I recently read a very good article entitled "We have reached the end of the Antibiotic Era, Period!" by Dr. Arjun Srinivasan, associate director at the Center for Disease Control (CDC).
This article, along with many others like Dr. Srinivasan's, recognizes that with a limited number of antibiotics that can treat infections, there will be fewer treatments available for people with antibiotic-resistant infections. In the article, they state we have already reached the end, as our strongest antibiotics have no longer have an effect on Super Bugs in the U.S.
Mortality rates due to some of these resistant infections can be 80% and higher! As bacteria and viruses build up immunity to treatments, the only way to fight them is to prevent the spread of them in the first place.
This is why Cleaning for Health, will soon become the new standard.
It’s now too late to rely on fighting bacteria inside the body. Fighting it outside the body provides many more opportunities to completely destroy the bacteria and prevent it from mutating into a drug-resistant organism. But where do you find it outside the body? Any surface, both hard and soft and in the air and where air travels. Pretty much everywhere and that's the biggest challenge.
Our best attempt to control bacteria on surfaces currently is to promote proper hand hygiene, glove use, cleaning protocols, and the proper use of disinfectants, sanitizers, and sterilization methods. Despite some of the best practices in the best hospitals in the world, all hospitals fight Hospital Acquired Infections (HAI). You have heard the stories about patients who go into the hospital for minor foot surgery and end up losing their leg due to infection. Or, of someone dying in the hospital that was treated for minor illness and expired due to complications of infection. A staggering 1.7 million hospital patients, in the US, experience a Hospital Acquired Infection and 99,000 people a year in the US die from them. (Klevens RM, Edwards JR, Richards CL, Horan TC, Gaynes RP, Pollock DA, et al. Estimating health care-associated infections and deaths in U.S. hospitals, 2002. Public Health Rep. 2007 Mar-Apr; 122(2):160-6.)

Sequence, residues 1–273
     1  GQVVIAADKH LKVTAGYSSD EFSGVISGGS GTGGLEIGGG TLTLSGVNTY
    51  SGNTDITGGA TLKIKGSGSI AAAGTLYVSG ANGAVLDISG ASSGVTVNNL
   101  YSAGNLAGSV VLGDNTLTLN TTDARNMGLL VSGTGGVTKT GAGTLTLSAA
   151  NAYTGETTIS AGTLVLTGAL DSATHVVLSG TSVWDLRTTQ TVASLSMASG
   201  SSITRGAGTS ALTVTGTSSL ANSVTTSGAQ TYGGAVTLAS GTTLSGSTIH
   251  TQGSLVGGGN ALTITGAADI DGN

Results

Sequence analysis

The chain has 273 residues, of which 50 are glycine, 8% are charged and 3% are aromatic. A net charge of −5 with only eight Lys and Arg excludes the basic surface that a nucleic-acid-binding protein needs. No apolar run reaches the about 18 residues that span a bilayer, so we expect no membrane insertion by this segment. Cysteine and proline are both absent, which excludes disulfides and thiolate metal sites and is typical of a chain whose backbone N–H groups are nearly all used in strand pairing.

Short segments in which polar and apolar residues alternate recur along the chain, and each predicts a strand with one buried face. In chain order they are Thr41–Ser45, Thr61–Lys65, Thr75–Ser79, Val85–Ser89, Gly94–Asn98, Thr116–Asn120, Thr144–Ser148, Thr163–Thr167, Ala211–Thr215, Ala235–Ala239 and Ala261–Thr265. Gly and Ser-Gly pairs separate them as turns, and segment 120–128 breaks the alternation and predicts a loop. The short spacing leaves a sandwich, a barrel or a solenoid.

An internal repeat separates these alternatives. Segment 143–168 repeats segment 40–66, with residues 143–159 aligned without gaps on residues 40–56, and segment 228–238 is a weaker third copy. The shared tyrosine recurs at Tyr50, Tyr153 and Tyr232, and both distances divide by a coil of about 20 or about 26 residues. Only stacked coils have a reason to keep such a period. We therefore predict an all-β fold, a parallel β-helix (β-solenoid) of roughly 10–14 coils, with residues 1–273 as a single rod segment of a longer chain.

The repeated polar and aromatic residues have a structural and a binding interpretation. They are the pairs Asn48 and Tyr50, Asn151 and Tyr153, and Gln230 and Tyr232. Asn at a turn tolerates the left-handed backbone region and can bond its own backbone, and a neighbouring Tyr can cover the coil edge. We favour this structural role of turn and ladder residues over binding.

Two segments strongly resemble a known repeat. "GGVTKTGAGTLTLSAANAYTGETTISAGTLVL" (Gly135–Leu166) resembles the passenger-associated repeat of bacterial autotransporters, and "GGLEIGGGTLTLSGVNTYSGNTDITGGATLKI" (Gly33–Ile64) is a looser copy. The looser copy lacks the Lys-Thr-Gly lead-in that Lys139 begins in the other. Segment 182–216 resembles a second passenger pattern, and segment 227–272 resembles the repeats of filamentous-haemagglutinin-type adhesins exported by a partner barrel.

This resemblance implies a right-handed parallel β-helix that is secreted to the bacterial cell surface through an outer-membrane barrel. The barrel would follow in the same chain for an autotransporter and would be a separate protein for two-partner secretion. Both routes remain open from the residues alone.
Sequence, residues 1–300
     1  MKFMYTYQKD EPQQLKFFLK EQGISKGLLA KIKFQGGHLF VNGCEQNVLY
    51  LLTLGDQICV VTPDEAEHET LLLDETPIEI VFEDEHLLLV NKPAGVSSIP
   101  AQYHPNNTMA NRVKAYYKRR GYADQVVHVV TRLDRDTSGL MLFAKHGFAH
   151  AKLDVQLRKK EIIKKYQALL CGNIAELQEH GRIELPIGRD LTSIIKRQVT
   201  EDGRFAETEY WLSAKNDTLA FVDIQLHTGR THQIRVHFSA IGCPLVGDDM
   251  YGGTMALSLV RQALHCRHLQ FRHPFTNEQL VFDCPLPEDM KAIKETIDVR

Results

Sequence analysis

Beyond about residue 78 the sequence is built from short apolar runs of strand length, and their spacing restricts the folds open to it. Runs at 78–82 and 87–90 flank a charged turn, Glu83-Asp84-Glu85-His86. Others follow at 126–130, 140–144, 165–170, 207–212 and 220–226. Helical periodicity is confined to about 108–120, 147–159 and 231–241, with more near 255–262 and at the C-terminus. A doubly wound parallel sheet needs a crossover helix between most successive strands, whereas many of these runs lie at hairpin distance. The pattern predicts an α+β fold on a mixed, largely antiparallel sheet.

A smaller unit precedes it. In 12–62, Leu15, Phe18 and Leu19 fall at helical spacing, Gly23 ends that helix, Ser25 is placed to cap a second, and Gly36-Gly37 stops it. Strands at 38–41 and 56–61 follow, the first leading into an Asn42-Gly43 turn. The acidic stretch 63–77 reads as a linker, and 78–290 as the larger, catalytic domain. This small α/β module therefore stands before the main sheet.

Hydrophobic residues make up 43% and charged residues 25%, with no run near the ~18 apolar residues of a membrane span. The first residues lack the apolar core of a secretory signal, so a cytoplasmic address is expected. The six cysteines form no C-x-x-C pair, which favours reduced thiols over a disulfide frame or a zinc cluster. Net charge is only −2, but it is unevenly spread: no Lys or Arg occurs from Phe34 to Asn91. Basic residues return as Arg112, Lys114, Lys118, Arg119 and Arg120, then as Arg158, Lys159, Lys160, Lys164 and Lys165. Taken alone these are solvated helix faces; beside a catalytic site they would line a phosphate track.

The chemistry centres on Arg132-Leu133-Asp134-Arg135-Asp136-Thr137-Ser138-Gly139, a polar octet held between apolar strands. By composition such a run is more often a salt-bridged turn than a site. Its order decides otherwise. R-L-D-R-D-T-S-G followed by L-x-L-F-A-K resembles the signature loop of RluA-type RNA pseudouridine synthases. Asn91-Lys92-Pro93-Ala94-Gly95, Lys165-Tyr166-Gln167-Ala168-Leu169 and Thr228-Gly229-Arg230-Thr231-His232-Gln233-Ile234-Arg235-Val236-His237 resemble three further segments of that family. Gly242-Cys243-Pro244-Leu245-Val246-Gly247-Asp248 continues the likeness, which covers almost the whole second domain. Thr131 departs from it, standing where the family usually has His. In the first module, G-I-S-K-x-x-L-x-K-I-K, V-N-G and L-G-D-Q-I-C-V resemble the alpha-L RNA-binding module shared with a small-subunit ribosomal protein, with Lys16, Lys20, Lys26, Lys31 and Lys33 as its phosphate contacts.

Why would a hospital have such a big problem when they clean and disinfect, sterilize and constantly use products and protocols designed to specifically kill these bacteria?
Two very solid, fact-based reasons: 1) insufficient cleaning and disinfection and 2) a high rate of re-contamination. These two problems exist in any highly populated space where people are sick. That's right… in the office, on an airplane, bus, or train, within the carpool, soccer team, football team, school, University, and on and on. You can wear all the gloves and masks you want but if we can't decontaminate surfaces and the air to stop the spread, you are at risk and antibiotics aren't going to help if they are resistant.
Please take the time to read the article by Dr. Arjun Srinivasan.
Look for my next post where I will address insufficient cleaning and disinfection along with re-contamination.